At 06:24 PM 12/13/01 +1100, Neil Blanch wrote:
>I'm always a bit stunned that no-one seems to have read Geoff Ryman's "The
>Child Garden". Aside from the very interesting take on posthumanism &
>extropian values that the book takes it is one of the most deftly handled SF
>novels I've ever read and an intensely moving read. If you can find a copy I
>heartily reccommend it. I don't dare describe the plot or the emotional
>range of this audacious novel
Ah well, by a stroke of luck I discuss this wonderful book a bit in READING
BY STARLIGHT, thus:
...there is no doubt that some contemporary sf is at least as well-wrought
as its high-toned mainstream cousins, and better than any sf from the past.
The following paragraphs from recent novels confirm it: they sing, and
beautifully. The first is from John Crowley's Aegypt, perhaps closer to
magical fantasy (but not magical realism) than to science fiction:
There were angels in the glass, two four six many of them, each one
shuffling into his place like an alderman at the Lord Mayor's show. None
was dressed in white; some wore fillets or wreaths of flowers and green
leaves in their loose hair; all their eyes were strangely gay. They kept
pressing in by one and two, always room for more, they linked arms or
clasped their hands behind them, they looked out smiling at the two mortals
who looked in at them. All their names began with A.
And here is the rapturous reworking of Dante that closes Geoff Ryman's
novel of genetic engineering, The Child Garden.
All her separate selves were freed: the infant and the child, the orphan
in the Child Garden, the actress and the director, the wife and the
People's Artist, Milena the Angel, Milena the oncogene, Milena who carried
the mind of Heather, and the Milena who remembered Rolfa.
They rose up like the white pages of a written speech thrown to the
winds. The pages blew like leaves, were scattered to their individual and
eternal Nows. The Nows were no longer linked by time or by a self. They
went beyond time, to where the whole truth can be told. It takes forever to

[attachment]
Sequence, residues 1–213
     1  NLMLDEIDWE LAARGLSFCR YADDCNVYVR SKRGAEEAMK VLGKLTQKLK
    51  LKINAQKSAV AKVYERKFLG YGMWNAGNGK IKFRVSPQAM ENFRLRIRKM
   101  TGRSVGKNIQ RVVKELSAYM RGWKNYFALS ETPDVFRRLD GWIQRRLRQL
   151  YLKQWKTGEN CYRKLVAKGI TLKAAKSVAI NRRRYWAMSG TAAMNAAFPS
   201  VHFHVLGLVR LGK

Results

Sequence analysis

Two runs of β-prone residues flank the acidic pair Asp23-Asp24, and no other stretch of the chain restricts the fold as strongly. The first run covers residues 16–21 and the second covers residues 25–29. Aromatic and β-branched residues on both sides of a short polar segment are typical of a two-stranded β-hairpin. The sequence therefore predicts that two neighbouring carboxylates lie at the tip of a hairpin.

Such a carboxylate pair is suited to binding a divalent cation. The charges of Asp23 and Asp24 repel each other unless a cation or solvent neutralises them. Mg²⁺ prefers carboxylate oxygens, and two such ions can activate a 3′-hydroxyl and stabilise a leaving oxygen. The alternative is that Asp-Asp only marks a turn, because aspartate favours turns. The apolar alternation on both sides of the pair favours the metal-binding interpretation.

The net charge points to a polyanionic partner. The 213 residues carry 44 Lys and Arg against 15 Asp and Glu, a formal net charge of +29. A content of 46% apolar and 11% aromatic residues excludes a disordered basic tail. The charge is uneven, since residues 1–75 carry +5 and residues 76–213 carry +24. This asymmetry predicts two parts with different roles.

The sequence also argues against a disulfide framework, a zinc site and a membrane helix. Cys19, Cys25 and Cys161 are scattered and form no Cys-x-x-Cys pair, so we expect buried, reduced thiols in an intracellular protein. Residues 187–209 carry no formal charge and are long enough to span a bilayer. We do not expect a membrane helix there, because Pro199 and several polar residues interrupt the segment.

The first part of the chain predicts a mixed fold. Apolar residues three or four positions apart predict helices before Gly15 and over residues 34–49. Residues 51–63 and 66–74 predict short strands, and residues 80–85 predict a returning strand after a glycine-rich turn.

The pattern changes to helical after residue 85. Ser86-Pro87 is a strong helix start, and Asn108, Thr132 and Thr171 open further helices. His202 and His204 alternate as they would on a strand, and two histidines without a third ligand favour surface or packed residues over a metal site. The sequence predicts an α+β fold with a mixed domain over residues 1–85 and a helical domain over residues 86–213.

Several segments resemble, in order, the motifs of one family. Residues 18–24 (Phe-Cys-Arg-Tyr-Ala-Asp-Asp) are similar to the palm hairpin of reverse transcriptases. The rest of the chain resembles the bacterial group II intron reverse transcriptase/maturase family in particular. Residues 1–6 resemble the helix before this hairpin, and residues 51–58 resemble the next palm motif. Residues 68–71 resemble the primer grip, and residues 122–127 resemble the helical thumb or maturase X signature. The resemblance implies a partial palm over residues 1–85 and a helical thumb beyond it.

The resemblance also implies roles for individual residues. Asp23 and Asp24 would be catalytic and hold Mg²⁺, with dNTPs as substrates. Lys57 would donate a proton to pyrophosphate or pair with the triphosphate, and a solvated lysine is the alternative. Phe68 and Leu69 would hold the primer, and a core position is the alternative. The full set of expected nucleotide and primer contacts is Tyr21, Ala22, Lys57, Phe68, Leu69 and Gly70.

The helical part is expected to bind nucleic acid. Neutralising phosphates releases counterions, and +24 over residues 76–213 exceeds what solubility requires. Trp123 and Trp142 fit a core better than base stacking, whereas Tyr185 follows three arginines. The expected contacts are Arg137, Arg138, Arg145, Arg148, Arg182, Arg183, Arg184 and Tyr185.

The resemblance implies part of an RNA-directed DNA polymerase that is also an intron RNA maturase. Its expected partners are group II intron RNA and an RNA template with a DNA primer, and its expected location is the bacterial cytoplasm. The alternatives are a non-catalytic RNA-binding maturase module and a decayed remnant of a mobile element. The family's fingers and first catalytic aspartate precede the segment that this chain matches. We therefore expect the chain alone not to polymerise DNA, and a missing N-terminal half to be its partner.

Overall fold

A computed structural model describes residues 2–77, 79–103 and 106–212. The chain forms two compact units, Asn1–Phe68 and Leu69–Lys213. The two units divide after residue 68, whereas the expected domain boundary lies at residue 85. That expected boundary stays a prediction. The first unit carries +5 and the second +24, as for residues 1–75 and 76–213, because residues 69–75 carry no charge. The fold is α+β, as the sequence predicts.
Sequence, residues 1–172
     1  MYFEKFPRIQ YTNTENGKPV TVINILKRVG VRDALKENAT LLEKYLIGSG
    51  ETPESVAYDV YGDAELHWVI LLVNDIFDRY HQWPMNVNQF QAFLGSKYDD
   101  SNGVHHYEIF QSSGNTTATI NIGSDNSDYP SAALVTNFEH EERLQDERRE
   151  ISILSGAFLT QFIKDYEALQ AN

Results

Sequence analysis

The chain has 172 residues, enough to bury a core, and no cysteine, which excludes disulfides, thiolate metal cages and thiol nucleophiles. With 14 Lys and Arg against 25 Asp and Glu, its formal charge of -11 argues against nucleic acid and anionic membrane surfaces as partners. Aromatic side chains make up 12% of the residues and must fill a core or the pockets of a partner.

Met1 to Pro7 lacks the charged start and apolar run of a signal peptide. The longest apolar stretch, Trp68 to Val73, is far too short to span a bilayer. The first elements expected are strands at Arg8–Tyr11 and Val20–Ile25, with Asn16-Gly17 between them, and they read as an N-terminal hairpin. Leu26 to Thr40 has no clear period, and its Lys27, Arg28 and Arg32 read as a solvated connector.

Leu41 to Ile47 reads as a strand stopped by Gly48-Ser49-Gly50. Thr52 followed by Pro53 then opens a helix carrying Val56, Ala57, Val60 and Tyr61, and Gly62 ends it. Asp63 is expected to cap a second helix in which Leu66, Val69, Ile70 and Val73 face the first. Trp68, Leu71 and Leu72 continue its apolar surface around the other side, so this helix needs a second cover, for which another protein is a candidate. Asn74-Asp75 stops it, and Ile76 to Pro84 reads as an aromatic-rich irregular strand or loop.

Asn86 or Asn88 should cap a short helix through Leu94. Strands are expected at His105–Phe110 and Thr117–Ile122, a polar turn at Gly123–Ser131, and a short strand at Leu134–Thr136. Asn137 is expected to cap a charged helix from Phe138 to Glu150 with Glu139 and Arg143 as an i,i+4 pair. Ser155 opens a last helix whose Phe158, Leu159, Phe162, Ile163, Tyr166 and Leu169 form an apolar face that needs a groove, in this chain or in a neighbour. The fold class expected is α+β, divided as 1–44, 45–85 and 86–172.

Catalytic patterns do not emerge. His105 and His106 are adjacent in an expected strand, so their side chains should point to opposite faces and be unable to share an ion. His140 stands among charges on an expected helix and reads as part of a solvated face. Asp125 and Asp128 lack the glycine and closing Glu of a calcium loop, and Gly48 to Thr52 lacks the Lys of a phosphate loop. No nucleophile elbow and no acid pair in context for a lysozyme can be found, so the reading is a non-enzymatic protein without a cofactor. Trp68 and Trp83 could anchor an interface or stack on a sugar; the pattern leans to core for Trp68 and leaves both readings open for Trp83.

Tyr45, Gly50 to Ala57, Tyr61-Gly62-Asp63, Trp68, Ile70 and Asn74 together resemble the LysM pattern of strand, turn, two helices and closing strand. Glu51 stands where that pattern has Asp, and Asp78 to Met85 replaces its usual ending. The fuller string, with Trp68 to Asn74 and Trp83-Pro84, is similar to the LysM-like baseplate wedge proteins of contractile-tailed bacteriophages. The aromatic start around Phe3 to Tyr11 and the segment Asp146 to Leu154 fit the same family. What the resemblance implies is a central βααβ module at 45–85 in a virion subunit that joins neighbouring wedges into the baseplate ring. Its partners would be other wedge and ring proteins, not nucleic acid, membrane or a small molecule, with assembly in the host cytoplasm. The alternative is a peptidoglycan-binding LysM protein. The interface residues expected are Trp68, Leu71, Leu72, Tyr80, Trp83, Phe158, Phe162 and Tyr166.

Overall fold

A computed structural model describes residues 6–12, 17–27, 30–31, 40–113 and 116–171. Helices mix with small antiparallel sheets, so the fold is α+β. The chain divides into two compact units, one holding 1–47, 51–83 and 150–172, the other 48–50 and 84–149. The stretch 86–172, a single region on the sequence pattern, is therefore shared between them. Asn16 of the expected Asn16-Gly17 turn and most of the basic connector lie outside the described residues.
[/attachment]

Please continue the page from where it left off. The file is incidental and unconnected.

tell the truth, and it is bound into one volume by love. That is the third
book, beyond words or low imagining.
The Child Garden posits a future Britain governed by the worst excesses of
reductive science and idealist ideology masquerading as materialism. Like
most fashionable postmodern novels it is also a text about the creative
process of reading. Its sustained inventions are often metaphors that seem
drawn directly from current high literary theory, as Umberto Eco's are, and
like Eco's are, happily, steeped as well in traditional learning and
For it is above all an impressive reconstruction of Dante Alighieri's
journey, 700 years ago, from the Inferno through Purgatory to a
transcendental and beatific vision. Quite literally, it proposes (and
embodies) The Divine Comedy as a 21st century Wagner might conceive it in a
Bayreuth as large and inescapable as the polluted sky.
Milena, amnesiac refugee to British purgatory from Czechoslovakian hell,
halfway through her truncated life, is a prim, sour Tenniel Alice who
commits Dante's own sin - she forgets her (lesbian) Beatrice, a wild woman
composer named Rolfa Patel, Genetically Engineered for life in the
Antarctic to the form of a great polar bear. By the standards of the
ruling Party, Milena's sin and crime is to love Rolfa in the first place.
`This was a semiological product of late period capitalism. Milena
suffered, apparently, from Bad Grammar' (p. 2). Her story is a
Bildungsroman, taking Milena from cramped repression to insight,
redemption, indeed sainthood. It is funny while genuinely moving, teemingly
fecund, baroque yet cleanly and beautifully written.
Subtitled `A Low Comedy', it is that and much more. Ideas tumble about the
page like performing animals, like human infected by diseases of
information. Most of its characters are educated/indoctrinated by designer
viruses, and get their sustenance straight from sunlight through their
rich, mutated purple skin. What is more, nearly everyone dies by 35, a
side-effect of the contagious cure for cancer. Retarded children,
preternaturally learned via their viruses, drolly debate Derrida. `"Now
what is Derrida really talking about in his article on Plato?" "Writing!"
chorused the Lumps. Then, washed by the same viruses, they remembered other
answers' (p. 178). If Rolfa is Milena's Beatrice, the viruses (especially
one that encodes the persona of dead Heather, who reads all Marx's works to
the child and cannot be shut off) are her collective Virgil. Ryman's book
comes very close to being the long-awaited work that successfully bonds the
force and aspirations of both literature and sf.
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